Much like Smoke, Lesion has the ability to cripple the enemy with poison. As one of the more interesting defensive DLC operators in Tom Clancy’s Rainbow Six Siege, he can be used to make enemies stop for a short time, leaving them vulnerable. A recent change has been made to Lesion’s Gu Mines, so this guide will inform you of how best to use the ability, as well as the arsenal that Lesion has to offer.
Lesion operator guide
Lesion’s poisonous barbs are nigh-on invisible to the naked eye, but he has the uncanny ability to remember exactly where he put the barbs. Along with our main Rainbow Six Siege guide hub, this guide will teach you how best to use his ability to get the jump on an already distracted enemy operative.
Lesion’s Weapon loadouts
Lesion has access to a silenced shotgun with a decent fire rate at the cost of some overall damage, and the T-5 SMG which sports a fairly decent fire rate and a relatively good recoil pattern. His only handgun is the Q-929 which packs a bit of a punch and is stable.
His selection of gadgets include the deployable shield and the impact grenade. As a bit of a mix of ambush and roaming, they can utilise either gadget effectively, though having a deployable shield herd the enemy onto one of Lesion’s toxic mines is a viable strategy.
Lesion has access to the GU – toxic mines that are invisible once deployed. He can also make more of them as the round progresses, meaning that you can have a grand total of seven in one round. This is vital and the later one is triggered, the more impact it has on the round’s outcome since the enemy will be distracted into removing the barb rather than push the objective. Once deployed, Lesion players will be able to keep track of when they’ve either been destroyed or triggered, meaning they can ambush any nearby foes.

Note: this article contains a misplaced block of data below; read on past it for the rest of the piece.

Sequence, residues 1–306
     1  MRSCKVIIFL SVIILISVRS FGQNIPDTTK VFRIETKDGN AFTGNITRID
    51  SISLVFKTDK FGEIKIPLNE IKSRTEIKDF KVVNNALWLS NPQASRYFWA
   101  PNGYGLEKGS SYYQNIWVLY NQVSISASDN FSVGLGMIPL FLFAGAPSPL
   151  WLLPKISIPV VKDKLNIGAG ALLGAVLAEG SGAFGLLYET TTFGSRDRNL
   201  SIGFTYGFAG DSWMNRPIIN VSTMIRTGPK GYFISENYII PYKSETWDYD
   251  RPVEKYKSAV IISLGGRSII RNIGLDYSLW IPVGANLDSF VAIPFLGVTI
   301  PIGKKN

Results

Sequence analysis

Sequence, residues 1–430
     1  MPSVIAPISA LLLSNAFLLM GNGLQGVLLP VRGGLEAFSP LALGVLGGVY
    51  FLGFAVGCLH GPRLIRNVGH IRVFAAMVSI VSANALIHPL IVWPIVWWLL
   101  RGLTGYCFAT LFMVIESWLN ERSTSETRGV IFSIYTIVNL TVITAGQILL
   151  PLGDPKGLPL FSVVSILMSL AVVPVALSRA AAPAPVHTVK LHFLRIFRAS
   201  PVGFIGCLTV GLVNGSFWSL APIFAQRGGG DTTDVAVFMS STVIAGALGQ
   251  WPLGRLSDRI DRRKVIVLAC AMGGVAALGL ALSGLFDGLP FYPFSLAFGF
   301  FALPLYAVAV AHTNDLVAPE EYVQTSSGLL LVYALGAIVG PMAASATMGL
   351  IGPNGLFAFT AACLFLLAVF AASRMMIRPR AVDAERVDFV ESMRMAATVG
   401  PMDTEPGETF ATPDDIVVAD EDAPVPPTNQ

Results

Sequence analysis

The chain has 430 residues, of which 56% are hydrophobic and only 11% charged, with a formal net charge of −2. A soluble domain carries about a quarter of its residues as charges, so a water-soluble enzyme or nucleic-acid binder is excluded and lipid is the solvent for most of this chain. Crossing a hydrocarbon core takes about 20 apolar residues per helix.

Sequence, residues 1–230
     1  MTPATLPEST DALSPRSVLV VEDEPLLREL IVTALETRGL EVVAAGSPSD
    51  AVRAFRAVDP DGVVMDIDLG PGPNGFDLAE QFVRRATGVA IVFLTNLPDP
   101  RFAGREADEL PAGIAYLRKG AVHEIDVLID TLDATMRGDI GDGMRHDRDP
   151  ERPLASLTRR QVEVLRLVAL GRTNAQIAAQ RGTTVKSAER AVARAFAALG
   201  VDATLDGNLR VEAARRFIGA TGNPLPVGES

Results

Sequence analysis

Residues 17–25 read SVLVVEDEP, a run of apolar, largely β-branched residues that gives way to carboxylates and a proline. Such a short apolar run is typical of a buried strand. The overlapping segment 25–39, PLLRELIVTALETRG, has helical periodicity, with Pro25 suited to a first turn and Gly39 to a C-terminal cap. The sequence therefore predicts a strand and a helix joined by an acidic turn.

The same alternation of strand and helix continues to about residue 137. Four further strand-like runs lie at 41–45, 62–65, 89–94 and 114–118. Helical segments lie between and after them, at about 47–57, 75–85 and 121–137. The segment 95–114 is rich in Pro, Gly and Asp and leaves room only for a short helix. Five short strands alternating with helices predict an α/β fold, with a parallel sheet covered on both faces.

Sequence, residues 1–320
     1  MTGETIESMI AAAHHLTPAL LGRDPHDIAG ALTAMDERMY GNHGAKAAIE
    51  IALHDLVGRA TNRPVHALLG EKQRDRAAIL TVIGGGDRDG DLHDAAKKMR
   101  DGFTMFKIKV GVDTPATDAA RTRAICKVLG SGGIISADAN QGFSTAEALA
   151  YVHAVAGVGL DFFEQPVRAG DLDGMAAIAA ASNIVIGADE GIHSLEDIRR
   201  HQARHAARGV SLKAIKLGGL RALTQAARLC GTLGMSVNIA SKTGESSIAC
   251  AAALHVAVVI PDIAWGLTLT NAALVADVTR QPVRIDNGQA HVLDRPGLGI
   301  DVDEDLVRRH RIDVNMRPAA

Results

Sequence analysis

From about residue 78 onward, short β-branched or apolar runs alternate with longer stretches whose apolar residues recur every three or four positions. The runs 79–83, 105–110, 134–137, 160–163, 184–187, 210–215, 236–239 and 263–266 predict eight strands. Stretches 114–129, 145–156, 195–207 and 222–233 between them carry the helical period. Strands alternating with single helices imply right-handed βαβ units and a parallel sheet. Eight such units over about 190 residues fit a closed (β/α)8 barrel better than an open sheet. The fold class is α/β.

Perhaps the best way to use his skill is to use it as recon for incoming enemies, while camping somewhere safe. If you’re somewhat close and you see the icon turn off, that means that the enemy is likely still roughly in that position so you can aim at that point before peeking around the corner for an easy kill. So while it now only does four damage per tick, rather than eight, it’s still very useful.
Montagne has a particularly hard time against Lesion as if they’ve been identified and they’re affected by a barbed mine, Lesion players can put more pressure on them by charging towards them, giving them little room to breathe and remove the barb. They’re faced with the choice of either killing the Lesion player while taking poison damage or removing the barb to prevent more unnecessary damage coming from the poison.
Should I pick Lesion?
Lesion can be a pain to deal with thanks to his replenishing supply of toxic mines. While his overall damage output isn’t exactly high, the mines require the enemy player to pull out the needles before succumbing to damage. This plays a small animation, which leaves the enemy vulnerable to an ambush from Lesion. Since only that player can see when a mine is triggered or destroyed, it’s key that you tell your team whenever that is.
If you know there is a Lesion player on the enemy team, you should always proceed with caution. One trick that you can use to counter the GU mines is to scout ahead using the drones, stopping it in front of the mine. Since the mines are semi-transparent, you can plonk the drone facing the mine, then walk up to it and shoot it out of the ground.
His ability is hard to counter, especially since it replenishes often. If there’s another operator you’d like to learn about, head on over to our main Rainbow Six: Siege operators guide for links to each individual operator. There’s also an overview on the more universally useful operators and which ones beginners should consider learning.